It’s a comfortable reality, certainly much more believable on paper. Buffy gives herself over to it because she wants it to be true. She thinks her friends, Sunnydale, everything around her is the real hallucination.
When her “doctor” tells her to destroy these figments of her imagination, she attacks each of her friends, even Dawn, and forces them down into the basement where she plans to kill them by feeding them to the demon. Obviously, she’s stopped before that can happen and the demon is defeated, but it absolutely stands as one of Buffy’s lowest moments.
12 Being Forced to Fight Willow to Stop Her From Ending the World
Willow and Buffy have not always seen eye-to-eye in the past, they’ve always had each others’ backs. They’re best friends. In season six, the only real Big Bads that viewers are introduced to are three nerdy losers calling themselves The Trio.
One of the said losers accidentally kills Tara, it becomes immediately clear that the Big Bad this season has been building to from the very beginning is none other than Willow herself. She’s given herself over to the abuse of magic. She’s used it for whatever she wants. Now she’s grieving, irrational and immensely powerful.
Having to face off against her best friend is without a doubt one of the worst things to happen to Buffy in her career as the slayer. This is the last person on the planet she wants to fight, especially after something as tragic as Tara’s death.
She wants to be there for Willow to comfort her. It’s not like she doesn’t understand tragic loss, having just lost her mother the previous year. Any moment in which Buffy has to consider for even a second whether or not she needs to kill Willow to save the world has to be one of Buffy’s worst.
11 Having to Work At Doublemeat Palace to Make Ends Meet
This doesn’t sound that terrible on paper. Many people have had to take service jobs that they didn’t really want in order to get by. But for Buffy, this represents a harsh introduction into adulthood and joining the work force. She can’t pay the bills being the slayer and she’s never really had to pay the bills at all.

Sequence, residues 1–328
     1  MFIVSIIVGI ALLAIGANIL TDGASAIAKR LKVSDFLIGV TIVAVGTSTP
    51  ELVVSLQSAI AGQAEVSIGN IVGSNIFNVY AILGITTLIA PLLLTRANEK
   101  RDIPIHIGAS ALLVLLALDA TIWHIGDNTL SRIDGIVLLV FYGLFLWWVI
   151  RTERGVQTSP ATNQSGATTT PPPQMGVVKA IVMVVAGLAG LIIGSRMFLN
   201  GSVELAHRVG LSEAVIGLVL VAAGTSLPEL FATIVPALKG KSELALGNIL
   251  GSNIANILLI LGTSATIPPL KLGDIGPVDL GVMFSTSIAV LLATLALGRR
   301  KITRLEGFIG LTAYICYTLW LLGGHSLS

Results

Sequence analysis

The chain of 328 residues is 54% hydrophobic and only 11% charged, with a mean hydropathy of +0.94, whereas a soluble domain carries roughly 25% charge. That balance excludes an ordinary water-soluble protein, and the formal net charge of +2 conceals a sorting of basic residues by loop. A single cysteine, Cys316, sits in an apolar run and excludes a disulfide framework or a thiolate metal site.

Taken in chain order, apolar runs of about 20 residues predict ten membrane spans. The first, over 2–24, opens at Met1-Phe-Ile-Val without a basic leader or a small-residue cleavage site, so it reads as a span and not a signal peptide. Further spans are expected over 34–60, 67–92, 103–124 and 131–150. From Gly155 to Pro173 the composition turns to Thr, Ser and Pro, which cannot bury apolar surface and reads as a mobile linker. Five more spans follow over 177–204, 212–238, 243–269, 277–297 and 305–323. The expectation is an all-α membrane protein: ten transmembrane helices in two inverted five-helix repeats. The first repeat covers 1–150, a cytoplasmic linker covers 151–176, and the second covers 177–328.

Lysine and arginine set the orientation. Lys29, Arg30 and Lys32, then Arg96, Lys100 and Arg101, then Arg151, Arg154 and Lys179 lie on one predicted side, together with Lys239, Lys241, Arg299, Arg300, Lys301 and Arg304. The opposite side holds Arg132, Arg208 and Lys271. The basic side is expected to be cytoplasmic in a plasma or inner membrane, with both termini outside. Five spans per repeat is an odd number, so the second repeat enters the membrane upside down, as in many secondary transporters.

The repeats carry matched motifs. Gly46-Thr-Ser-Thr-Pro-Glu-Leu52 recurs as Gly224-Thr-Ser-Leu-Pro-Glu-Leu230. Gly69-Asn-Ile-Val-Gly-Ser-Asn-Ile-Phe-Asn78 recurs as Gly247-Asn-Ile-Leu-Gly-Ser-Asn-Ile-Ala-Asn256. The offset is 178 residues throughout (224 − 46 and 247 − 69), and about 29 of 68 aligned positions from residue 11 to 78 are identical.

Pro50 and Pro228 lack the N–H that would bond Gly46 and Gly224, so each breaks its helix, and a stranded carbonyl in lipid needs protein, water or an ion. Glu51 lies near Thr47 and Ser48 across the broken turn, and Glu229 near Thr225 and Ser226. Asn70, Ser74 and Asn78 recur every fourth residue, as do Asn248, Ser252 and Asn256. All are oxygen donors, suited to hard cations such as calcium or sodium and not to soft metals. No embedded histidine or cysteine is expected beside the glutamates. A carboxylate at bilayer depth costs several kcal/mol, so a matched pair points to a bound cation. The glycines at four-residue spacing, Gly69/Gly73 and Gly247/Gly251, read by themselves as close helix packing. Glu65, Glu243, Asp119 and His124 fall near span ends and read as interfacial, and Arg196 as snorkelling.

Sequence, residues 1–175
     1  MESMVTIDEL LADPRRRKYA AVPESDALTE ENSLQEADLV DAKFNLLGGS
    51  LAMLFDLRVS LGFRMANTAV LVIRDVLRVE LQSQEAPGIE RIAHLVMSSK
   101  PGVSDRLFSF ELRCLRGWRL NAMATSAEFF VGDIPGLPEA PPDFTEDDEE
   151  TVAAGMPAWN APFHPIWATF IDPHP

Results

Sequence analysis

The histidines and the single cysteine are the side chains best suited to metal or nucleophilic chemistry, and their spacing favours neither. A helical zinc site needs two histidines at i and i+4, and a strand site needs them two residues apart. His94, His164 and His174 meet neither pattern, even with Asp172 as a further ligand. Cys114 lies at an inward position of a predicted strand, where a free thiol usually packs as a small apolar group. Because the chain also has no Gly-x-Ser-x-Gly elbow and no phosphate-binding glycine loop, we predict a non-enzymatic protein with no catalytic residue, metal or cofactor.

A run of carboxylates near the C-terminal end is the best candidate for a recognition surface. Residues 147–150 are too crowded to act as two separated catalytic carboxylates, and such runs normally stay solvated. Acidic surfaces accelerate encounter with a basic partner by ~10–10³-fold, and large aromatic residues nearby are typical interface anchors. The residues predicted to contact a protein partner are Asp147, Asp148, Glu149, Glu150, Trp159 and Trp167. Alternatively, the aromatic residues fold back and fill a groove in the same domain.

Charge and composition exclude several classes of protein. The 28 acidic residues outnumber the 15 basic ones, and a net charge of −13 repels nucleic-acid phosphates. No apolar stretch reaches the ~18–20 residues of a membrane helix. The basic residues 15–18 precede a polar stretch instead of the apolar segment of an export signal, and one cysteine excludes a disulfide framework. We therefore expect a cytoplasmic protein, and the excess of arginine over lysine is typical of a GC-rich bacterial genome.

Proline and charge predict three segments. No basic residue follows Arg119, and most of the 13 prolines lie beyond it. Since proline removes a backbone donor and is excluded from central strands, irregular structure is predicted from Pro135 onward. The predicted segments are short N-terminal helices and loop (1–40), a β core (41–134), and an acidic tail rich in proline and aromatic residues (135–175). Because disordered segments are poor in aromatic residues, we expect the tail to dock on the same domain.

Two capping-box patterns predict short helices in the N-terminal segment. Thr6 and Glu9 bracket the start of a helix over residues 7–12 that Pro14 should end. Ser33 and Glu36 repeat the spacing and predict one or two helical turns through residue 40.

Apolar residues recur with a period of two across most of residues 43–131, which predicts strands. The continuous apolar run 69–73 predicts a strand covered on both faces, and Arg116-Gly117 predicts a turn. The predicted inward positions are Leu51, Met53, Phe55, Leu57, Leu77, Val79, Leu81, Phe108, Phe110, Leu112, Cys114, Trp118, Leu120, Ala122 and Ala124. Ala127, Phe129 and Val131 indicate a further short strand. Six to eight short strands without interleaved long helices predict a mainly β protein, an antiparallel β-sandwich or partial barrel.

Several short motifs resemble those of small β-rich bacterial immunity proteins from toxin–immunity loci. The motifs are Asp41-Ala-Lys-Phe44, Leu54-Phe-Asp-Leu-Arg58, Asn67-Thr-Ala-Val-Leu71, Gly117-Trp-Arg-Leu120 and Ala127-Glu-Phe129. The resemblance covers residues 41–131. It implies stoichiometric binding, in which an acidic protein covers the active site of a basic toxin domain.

Throughout most of the series up to this point, she’s been a student and has had her mother to back her up if she ever reached a point of financial desperation. But Buffy takes time off when her mom gets sick and dies shortly after her mother does.
When Buffy returns from the grave, she finds out that her mom's hospital bills ate up all the remaining money and she has nothing. She has to get a job and she finds one at Doublemeat Palace, a burger joint where—naturally—the employees are being picked off by a grease-loving demon.
It’s the jarring nature of having to work such a crappy job on top of everything in her life that’s crumbling at the time that makes this a worthy entry.
10 Getting Abandoned by Parker
When Buffy sleeps with someone for the first time, it’s with Angel. Immediately after, he loses his soul and becomes the season’s big bad, eventually trying to end the world. Before that, he breaks her heart by humiliating her and acting like a complete tool the morning after. When Buffy has sleeps with someone for the second time, it’s not nearly as heart-wrenchingly dramatic, but it does sting.
Parker is the first nice boy she meets at college. He makes her feel special when she’s completely overwhelmed. They make love and, this time, it turns out that he was just a complete tool the whole time, saying whatever he could to get into her pants. Many argue that Buffy is simply naïve in this situation, but she’s still taken advantage of in a pretty gross way and deserves better than that, for sure.
9 Getting Kicked Out of Her Own House
Buffy leads an attack against Caleb, a follower of The First Evil who she knows is hiding something she will need if she is to win the coming battle, even if she doesn’t know what it is. The others put their trust in her and launch an attack on Caleb only to suffer an absolutely devastating defeat.
Potential slayers are killed and Xander loses an eye. Buffy’s next plan of attack is to go right back when Caleb is least expecting another attack, and absolutely no one is on her side. For the first time, all of her friends and even her sister are against her.